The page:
These are cool demos, and eventually, when the underlying models become equally general and intelligent as humans, we can wrap our entire operating systems in cloud instances. But we’re not there yet. These interfaces are reaching for full autonomy prematurely. To understand why, let’s take a detour and talk about the evolution of cars. In the early days of automobiles, they were entirely manual. They were operated by hand-crank engines, required drivers to shift gears manually, and the car was as clueless in the wild as the driver driving it without a map. Eventually, as more and more people drove cars, the ecosystem improved. We got concrete roads, street signs, rumble strips, and yellow lines. All to guide the driver to their destination safely. Now, cars incorporate tech that enables collaboration between the driver and the vehicle: adaptive cruise control, parking sensors, lane-keeping assist, and GPS navigation. Far enough into the horizon, we will move into Full Autonomous vehicles. There’s a trend here that is by no means limited to automobiles. Operating Interfaces evolve in a certain fashion: they go from manual to guided to collaborative and, finally, to autonomous. Users give up control not because the technology is new but because the new technology is reliable. LLM-powered apps are no different. Our interfaces should now move from being manual and semi-guided to being between fully-guided and collaborative. However, this is in stark contrast to the recent experimental releases like AutoGPT (opens in a new tab) and babyAGI (opens in a new tab).
LLM-powered language interfaces (LUI) (opens in a new tab) are promising but have their limitations. To understand them, we must first appreciate the advantages of GUIs. There are software tools that are easy to learn, like the Substack portal on which I’m writing this essay or the Twitter platform on which you most likely found this essay. Then there are software tools for PCB Design, DNA Sequencing, 3D Architecture, Computer Graphics, and Audio Processing. They all have a steep learning curve. That is to say, making progress as a novice is extremely hard, but once the user hits a certain tipping point, the productivity increase is exponential. It just hits.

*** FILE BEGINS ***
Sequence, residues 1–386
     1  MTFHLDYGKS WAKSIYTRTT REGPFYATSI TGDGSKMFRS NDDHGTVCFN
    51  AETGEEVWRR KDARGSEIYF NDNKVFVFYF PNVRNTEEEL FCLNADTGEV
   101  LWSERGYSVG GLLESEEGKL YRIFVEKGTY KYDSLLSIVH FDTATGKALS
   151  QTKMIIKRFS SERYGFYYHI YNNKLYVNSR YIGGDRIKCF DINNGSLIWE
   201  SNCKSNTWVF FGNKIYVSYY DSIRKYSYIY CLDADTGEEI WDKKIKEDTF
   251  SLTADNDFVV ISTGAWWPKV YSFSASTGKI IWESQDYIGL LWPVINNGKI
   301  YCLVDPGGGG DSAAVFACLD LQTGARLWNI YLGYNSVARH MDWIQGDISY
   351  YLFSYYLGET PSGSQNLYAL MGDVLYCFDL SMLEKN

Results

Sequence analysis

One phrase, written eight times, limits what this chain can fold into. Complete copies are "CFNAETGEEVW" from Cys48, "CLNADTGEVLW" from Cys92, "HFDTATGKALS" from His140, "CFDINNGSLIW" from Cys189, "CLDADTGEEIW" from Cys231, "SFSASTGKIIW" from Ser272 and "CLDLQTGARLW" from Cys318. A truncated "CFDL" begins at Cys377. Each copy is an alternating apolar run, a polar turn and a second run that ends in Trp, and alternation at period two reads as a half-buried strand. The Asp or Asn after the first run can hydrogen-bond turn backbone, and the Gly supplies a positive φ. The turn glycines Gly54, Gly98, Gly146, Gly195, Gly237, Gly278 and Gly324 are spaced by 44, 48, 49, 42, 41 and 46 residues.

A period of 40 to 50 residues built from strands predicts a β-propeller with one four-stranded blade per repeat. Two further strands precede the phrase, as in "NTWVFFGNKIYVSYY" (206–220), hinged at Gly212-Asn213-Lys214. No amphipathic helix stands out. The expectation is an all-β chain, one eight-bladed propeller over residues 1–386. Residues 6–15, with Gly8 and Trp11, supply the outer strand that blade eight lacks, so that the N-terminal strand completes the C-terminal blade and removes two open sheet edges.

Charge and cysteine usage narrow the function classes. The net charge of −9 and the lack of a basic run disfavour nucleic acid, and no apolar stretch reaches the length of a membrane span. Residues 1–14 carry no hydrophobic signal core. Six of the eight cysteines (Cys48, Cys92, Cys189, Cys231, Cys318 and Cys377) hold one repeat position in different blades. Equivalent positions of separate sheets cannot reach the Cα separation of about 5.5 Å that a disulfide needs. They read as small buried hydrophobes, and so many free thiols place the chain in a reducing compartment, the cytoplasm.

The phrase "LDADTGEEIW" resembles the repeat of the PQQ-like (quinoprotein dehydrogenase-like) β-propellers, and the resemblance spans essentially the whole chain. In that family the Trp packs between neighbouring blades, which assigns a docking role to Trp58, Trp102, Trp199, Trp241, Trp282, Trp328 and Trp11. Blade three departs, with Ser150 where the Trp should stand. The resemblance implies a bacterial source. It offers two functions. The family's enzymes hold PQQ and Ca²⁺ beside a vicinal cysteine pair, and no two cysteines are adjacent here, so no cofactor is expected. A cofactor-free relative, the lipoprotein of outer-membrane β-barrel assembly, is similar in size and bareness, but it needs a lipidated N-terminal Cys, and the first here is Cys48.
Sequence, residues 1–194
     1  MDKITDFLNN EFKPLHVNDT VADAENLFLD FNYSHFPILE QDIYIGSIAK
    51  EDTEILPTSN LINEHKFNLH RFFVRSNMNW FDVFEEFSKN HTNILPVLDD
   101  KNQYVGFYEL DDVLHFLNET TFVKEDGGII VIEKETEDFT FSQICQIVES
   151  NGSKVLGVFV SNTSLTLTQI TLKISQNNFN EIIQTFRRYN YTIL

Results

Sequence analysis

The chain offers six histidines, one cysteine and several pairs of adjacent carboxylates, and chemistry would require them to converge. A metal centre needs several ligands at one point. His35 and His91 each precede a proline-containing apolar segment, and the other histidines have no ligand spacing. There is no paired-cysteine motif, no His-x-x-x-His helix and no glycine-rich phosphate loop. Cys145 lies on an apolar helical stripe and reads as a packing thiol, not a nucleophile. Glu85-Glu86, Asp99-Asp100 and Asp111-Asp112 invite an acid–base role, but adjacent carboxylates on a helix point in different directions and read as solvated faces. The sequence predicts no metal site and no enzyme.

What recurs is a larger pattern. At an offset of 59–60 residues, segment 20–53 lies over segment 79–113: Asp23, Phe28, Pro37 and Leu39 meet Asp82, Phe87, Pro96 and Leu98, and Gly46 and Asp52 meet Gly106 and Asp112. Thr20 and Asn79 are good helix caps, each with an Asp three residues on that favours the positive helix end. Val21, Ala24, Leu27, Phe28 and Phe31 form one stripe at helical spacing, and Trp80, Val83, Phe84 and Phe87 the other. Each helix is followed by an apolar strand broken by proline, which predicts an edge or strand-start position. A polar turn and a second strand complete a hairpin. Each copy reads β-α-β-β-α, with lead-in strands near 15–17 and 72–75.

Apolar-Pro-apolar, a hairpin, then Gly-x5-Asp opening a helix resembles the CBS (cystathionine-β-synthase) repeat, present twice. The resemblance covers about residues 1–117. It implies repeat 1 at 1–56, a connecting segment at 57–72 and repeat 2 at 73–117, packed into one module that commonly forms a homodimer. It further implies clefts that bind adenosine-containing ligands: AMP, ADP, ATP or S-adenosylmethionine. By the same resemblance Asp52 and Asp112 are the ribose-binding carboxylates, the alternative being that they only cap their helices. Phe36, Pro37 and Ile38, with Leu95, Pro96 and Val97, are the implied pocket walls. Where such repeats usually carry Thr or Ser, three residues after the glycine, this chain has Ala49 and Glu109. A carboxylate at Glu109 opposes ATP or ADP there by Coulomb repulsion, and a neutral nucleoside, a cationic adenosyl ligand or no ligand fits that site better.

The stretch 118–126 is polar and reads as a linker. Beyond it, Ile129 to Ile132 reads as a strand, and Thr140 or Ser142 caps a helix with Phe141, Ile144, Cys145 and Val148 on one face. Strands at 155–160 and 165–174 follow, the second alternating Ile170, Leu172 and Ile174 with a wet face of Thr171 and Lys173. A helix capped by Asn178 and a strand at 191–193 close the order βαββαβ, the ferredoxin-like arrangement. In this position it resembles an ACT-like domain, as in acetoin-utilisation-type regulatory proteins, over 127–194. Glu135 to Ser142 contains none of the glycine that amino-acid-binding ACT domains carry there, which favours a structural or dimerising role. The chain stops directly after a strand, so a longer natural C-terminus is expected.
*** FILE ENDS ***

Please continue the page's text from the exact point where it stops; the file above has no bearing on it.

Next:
The key to this rapid increase in productivity is that users develop Muscle Memory (opens in a new tab) with practice. They internalize the key workflows and visual syntax of a GUI and are able to do stuff effectively, ultimately becoming one with the tool. This is where language interfaces fall short. Compared to the interfaces of Blender and AutoCAD, language interfaces are ✨ simple ✨ but at the expense of the functionality to the extent they are not even viable. For instance, imagine trying to edit a complex video using a language interface. While it may be possible to perform basic actions like adding preset effects, more advanced tasks such as scrubbing, trimming video, color grading, and adjusting EQ would likely be cumbersome and inefficient compared to using a GUI specifically designed for video editing. The interfaces aren’t complex because of bad design…waiting for an LLM wrapper to simplify them. Instead, they’re complex because what they’re designed to do is complex. Simplifying interfaces for the sake of simplicity risks reducing the tool's capability and user control. Consider the user experience with a chatbot that bullishly forces you to give up low-level control while occasionally requiring users to take over the automated workflow if it fails. It’s comparable to the user experience of a no-code tool asking users to debug the autogenerated code. This is why I believe language interfaces at the moment are going to be most effective when augmenting existing low-level interfaces rather than replacing them.